It’s a rare Friday night when I can find a parking spot within a block of Malaprop’s, but tonight there was a parking space available in front of the bookstore/cafe. The drum circle occupying Pritchard Park could be heard two blocks away as I entered the store to verify the show time. Later, the drumming souls would triple in size and volume and invite the fire dancers to contribute to the urban tribe.
The sun had not set yet and the autumn twilight air was cool and comfortable. I waited outside for Philip, a friend and fellow performer, who would be supplying the sound equipment for tonight’s event. I hadn’t eaten since lunch and the Malaprop’s cafe was closed because an author was reading excerpts from his book. Twenty minutes later the shadows from the building opposite the bookstore engulfed the street and cars began to turn on their headlamps.
I was a little frazzled because I had been asked to emcee the event, which makes me a bit nervous. Focusing on reading/performing poetry is one thing, but adding the responsibility of emceeing a show is an added dimension. A common misconception is that an emcee just announces who’s up next. There’s more to it than that. An emcee helps coordinate artists with venue management about restroom facilities, store policy concerning discount for performing artists at the cafe, technical sound equipment needs, time slots and in general making the artist feel at home in a foreign place. So, I had a lot on my mind this evening.
Shortly before 8PM I found myself placing mic stands in the cafe and discussing time slots with Vanessa Boyd, a mild-mannered musician with the hint of Texas in her laconic communication. After the author and his fans dispersed, Philip and I began setting up the speakers and microphones. Vanessa was off to the side tuning her guitar as I casually sought information from her, which I planned to use to introduce her. She had traveled from Tennessee to perform and had brought her friend Steve. He was equally laconic, like her silent guardian. The set-up of sound equipment took maybe ten minutes. To my surprise, Vanessa finished her preparations, plugged in, slouched into a cafe chair before a microphone, played a few chords and announced herself relieving me of the burden of introductions.
For the first time that evening I was able to grab a cup of organic coffee, find a stool at the cafe bar and prepare myself for the read. I had almost forgot that two friends had joined me to perform along side my poetry performance. A prose piece (thanks Joy) was recently added to the Late Night Poetry portion of my performance. I quickly fished out the performance script and handed it to Julie who would be reading one poem and singing two other poems. Philip would play the performance soundtrack on acoustic guitar and I had to give him instructions on when to start the musical soundscape.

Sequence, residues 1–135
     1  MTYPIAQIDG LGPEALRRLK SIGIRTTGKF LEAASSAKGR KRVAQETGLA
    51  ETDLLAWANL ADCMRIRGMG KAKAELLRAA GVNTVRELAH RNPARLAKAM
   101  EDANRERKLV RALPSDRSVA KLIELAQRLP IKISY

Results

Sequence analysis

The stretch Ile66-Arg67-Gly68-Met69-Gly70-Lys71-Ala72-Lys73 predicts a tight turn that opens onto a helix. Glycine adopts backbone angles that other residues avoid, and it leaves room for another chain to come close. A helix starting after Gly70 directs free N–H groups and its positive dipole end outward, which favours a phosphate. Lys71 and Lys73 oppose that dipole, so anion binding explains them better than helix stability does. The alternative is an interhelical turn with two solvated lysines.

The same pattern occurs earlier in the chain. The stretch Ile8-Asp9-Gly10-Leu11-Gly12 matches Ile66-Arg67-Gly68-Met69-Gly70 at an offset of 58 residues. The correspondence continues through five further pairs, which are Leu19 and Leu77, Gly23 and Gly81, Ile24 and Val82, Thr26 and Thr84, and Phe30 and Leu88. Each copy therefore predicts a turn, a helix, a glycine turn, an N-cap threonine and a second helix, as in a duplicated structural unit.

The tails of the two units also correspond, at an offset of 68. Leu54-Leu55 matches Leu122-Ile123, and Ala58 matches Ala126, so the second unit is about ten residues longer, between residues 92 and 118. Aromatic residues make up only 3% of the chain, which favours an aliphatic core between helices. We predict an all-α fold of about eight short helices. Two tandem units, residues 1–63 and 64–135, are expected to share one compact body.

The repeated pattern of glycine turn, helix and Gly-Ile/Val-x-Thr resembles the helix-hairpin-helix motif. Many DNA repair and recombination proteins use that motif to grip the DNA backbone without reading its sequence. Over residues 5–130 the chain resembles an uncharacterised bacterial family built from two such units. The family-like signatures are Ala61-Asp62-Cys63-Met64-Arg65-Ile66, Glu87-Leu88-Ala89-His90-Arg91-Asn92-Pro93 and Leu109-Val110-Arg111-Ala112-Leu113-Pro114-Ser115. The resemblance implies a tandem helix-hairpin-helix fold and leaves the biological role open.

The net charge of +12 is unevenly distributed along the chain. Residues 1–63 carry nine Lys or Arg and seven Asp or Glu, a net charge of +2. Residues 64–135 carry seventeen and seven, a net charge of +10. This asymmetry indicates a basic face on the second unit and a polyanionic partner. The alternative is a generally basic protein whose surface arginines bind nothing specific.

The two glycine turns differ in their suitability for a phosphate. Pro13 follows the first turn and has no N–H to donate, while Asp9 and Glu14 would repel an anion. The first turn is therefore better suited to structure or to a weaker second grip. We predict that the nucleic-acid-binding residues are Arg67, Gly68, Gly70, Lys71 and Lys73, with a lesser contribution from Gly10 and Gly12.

Wearing an earth-tone wardrobe and playing Americana/folk-style songs, Vanessa Boyd provided me almost twenty minutes of uninterrupted meditation with her rich, strong vocals. Wavy chestnut hair pulled back in a ponytail, she sat on a chair hunched over her red acoustic guitar, hazel-green eyes searching the modest assembly, as she sang songs from her many travels.
The show organizer showed up about half way through her set. He had just come off a 14-hour bus trip from Baltimore and hadn’t been expected to be present. We chatted a bit about his trip and a few other topics until 9PM when Vanessa concluded her set.
Double-checking my notes and poem folder, I approached the “stage.” I placed the music stand near the microphone stand and began my introduction including thanks to Vanessa, Malaprop’s and The Traveling Bonfires (who organized the event). The mic stand was competing with the music stand and I held the mic as I read a Billy Collins poems to get things started. I continued to hold the mic as I read through my solo set including a poem by Keith Flynn, a collection of poems from my forth coming project, a pseudo-political piece (with apologies to Uncle Walt) and prose piece by another writer which acted as transition to group performance.
The group piece featured Julie singing three selections (including one she wrote) and reading one and Philip playing his haunting theme as I read through a half dozen poems from Late Night Writing. It continues to amaze me how supportive they are of my work. I often look at the words I have written and wonder if anyone is touched by these poems. Sometimes I helplessly observe someone moved to tears at words I’ve written and wonder why those lyrics don’t move me the same way.
Now I am home in a forest guarded by red cardinals and black salamanders and I am eating chicken, drinking chai tea latte (rooibos tea with honey vanilla & spices), burning incense (sage and smoke) and wondering what lines and poems these hands will transcribe.